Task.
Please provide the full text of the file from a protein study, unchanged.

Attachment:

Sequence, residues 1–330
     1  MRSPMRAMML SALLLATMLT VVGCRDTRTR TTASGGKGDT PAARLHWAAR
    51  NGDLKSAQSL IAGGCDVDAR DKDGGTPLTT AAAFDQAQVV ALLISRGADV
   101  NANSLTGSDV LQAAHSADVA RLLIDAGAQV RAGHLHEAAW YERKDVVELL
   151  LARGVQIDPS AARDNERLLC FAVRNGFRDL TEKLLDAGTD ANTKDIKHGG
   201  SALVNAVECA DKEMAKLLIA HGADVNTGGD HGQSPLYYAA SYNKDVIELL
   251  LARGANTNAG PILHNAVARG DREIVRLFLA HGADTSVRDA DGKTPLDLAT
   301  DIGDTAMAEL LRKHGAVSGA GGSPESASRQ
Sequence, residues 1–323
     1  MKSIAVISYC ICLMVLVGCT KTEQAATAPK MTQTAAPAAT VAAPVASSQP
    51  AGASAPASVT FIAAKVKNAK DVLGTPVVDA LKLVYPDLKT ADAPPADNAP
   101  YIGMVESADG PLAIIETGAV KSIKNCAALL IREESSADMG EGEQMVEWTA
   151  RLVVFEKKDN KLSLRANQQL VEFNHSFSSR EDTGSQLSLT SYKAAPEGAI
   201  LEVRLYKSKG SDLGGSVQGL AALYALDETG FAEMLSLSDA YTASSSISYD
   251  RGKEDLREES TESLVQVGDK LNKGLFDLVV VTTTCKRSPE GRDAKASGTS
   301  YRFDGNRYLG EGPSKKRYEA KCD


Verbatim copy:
Sequence, residues 1–330
     1  MRSPMRAMML SALLLATMLT VVGCRDTRTR TTASGGKGDT PAARLHWAAR
    51  NGDLKSAQSL IAGGCDVDAR DKDGGTPLTT AAAFDQAQVV ALLISRGADV
   101  NANSLTGSDV LQAAHSADVA RLLIDAGAQV RAGHLHEAAW YERKDVVELL
   151  LARGVQIDPS AARDNERLLC FAVRNGFRDL TEKLLDAGTD ANTKDIKHGG
   201  SALVNAVECA DKEMAKLLIA HGADVNTGGD HGQSPLYYAA SYNKDVIELL
   251  LARGANTNAG PILHNAVARG DREIVRLFLA HGADTSVRDA DGKTPLDLAT
   301  DIGDTAMAEL LRKHGAVSGA GGSPESASRQ
Sequence, residues 1–323
     1  MKSIAVISYC ICLMVLVGCT KTEQAATAPK MTQTAAPAAT VAAPVASSQP
    51  AGASAPASVT FIAAKVKNAK DVLGTPVVDA LKLVYPDLKT ADAPPADNAP
   101  YIGMVESADG PLAIIETGAV KSIKNCAALL IREESSADMG EGEQMVEWTA
   151  RLVVFEKKDN KLSLRANQQL VEFNHSFSSR EDTGSQLSLT SYKAAPEGAI
   201  LEVRLYKSKG SDLGGSVQGL AALYALDETG FAEMLSLSDA YTASSSISYD
   251  RGKEDLREES TESLVQVGDK LNKGLFDLVV VTTTCKRSPE GRDAKASGTS
   301  YRFDGNRYLG EGPSKKRYEA KCD